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Chimera states on non-regular higher-order structures

15 May 2024
11:00 am
San Francesco Complex - Sagrestia

Chimera states are dynamical states where coherent and incoherent behaviours coexist in the same system. In the framework of network systems, where the basic units are coupled in pairs, the presence of a regular, non-local and linear coupling topology very often leads to the emergence of chimera states. In general, the term ‘nonlocal’ is applied for large systems of interacting particles where a single particle can interact not only with its nearest neighbours but also with particles far away. Evidence of such collective behaviour has been gathered in several domains, such as chemical reactions, power grids, coupled biochemical oscillators, neural networks, etc. In contrast to pairwise interactions, higher-order interactions refer to cases where more than two entities are allowed to interact, i.e., many-body interactions, and they play an important role in various fields of science, e.g., social science, economy, and engineering. Chimera states have been recently investigated on higher-order structures, where it was shown, by using the Kuramoto model, that chimera is enhanced by non-local and regular high-order interactions. In this work, we focus our attention to higher-order interactions, showing that chimera states can be observed also when the coupling, besides being nonlocal, is also non-regular. For comparison, we show that, when higher-order interactions are “flattened” (i.e., projected) to pairwise ones, the chimera behaviour is weaker and more elusive.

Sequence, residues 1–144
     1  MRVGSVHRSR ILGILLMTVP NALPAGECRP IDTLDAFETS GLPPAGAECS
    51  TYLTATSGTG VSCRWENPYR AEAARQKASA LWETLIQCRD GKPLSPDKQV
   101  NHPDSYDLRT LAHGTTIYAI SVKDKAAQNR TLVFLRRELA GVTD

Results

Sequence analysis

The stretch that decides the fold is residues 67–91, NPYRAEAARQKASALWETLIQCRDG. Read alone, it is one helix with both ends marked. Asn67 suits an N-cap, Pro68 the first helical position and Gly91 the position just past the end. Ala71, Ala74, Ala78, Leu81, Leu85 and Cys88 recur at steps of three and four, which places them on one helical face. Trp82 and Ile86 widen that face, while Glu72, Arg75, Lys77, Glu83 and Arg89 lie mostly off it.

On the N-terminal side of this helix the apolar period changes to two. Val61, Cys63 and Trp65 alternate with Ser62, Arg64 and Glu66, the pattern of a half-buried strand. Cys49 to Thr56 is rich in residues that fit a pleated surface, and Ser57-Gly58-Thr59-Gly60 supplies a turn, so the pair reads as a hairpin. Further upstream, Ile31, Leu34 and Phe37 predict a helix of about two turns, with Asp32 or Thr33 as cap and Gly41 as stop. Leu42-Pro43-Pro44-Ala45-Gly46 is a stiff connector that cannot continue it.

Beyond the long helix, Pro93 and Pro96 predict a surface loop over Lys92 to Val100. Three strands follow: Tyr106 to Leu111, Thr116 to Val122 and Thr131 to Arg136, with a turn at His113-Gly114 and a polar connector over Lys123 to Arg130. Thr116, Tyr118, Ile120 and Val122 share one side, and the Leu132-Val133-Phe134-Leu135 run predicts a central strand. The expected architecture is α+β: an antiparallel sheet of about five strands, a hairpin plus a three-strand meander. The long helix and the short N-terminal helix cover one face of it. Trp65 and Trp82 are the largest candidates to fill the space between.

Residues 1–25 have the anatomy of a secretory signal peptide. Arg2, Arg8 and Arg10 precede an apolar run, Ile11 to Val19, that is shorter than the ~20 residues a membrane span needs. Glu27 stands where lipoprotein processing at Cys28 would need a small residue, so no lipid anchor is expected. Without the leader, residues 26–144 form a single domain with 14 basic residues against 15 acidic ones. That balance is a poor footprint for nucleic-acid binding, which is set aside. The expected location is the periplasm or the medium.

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Thierry Njougouo, IMT School for Advanced Studies Lucca